Nootropic Review: Magnesium Glycinate (And L-Threonate)

Nootropic Review: Magnesium Glycinate (And L-Threonate)

What's the deal with Magnesium?

What Is Magnesium Glycinate?

Magnesium Glycinate is a compound consisting of Magnesium that has undergone the process of chelation in order to be bonded with Glycine. The resulting combination allows for more effective supplementation of Magnesium than if the mineral were to be supplemented on its own. The combination supplement has a number of benefits, both as a Nootropic and for general health. Before getting into detail on these benefits, however, let’s review the individual components of this supplement:

Magnesium - A Quick Overview

Magnesium is a dietary mineral and electrolyte that’s essential for human functioning. It plays a crucial role in regulating blood pressure and the body’s response to insulin. Healthy levels of magnesium in the blood and brain are significantly positively correlated with reduced effects and/or risk of suffering from Migraines, ADHD, Cardiovascular Disease, and Depression (Or depressive symptoms brought about by other conditions).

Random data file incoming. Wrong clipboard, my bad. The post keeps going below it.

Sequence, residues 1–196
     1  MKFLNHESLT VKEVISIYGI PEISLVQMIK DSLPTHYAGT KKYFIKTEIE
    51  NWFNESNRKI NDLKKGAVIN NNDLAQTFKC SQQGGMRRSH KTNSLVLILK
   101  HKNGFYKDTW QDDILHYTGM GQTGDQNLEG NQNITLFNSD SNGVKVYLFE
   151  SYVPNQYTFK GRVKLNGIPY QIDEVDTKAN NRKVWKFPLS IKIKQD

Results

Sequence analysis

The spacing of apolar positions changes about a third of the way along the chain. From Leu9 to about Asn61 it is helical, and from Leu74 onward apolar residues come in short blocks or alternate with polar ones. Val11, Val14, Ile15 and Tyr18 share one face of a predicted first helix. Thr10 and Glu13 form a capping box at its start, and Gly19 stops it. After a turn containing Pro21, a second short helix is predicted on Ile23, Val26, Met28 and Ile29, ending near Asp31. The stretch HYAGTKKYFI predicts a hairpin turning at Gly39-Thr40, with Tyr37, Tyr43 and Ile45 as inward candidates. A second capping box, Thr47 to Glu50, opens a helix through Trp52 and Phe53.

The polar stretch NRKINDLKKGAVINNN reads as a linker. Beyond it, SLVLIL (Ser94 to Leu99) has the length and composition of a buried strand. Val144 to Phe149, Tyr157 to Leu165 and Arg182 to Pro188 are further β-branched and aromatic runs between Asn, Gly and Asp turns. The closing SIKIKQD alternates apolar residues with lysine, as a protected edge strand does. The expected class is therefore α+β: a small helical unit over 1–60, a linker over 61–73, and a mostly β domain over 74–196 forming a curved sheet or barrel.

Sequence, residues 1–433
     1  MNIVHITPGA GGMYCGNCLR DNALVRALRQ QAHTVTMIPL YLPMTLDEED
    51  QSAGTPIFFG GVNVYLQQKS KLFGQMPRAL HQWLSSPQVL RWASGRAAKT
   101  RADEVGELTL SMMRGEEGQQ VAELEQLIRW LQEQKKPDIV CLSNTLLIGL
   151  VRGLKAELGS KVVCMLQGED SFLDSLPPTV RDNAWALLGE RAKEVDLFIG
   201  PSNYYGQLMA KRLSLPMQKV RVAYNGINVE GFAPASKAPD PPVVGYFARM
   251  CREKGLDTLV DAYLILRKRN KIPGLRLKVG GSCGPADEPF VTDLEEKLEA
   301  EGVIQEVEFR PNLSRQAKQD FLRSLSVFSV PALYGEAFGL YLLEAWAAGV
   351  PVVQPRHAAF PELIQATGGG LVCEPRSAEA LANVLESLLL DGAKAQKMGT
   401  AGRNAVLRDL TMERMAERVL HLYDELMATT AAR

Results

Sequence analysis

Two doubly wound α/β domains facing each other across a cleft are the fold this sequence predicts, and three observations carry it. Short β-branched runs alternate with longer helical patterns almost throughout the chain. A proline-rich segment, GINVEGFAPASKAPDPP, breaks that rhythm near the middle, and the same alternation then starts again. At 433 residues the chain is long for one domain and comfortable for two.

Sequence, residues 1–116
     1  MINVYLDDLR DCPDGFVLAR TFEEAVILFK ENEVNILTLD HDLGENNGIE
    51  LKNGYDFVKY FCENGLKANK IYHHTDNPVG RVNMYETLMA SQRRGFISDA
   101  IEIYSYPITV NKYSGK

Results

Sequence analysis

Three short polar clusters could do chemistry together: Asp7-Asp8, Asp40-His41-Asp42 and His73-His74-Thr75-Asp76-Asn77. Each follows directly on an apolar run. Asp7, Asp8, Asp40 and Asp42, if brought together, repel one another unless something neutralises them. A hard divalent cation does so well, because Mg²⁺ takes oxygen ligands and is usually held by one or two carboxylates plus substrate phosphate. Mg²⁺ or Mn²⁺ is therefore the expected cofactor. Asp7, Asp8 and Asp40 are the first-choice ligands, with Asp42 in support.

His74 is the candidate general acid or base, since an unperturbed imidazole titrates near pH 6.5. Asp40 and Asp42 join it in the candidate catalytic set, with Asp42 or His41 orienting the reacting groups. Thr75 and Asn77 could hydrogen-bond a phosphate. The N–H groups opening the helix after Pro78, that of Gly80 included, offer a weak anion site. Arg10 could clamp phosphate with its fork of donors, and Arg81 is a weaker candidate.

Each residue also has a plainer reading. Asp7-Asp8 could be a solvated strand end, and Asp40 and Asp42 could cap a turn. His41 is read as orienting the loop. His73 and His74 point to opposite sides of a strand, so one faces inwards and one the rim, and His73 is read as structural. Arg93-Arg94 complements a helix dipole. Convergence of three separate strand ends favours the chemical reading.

In short: It’s very important that you ensure you’re getting enough Magnesium in your diet.

Whether or not this supplement will be effective depends heavily on existing deficiencies. Dietary Magnesium tends to be obtained from green, leafy vegetables, which also happen to be a common dietary exclusion in favor of starches and grain (Particularly in the West). In America alone, studies have demonstrated that as many as 68% of adults consume below the recommended daily allowance (RDA) of 310-420mg, with 19% overall consuming less than half of that value. A look at the statistics should give you a basis by which to predict whether you might positively respond to supplementation.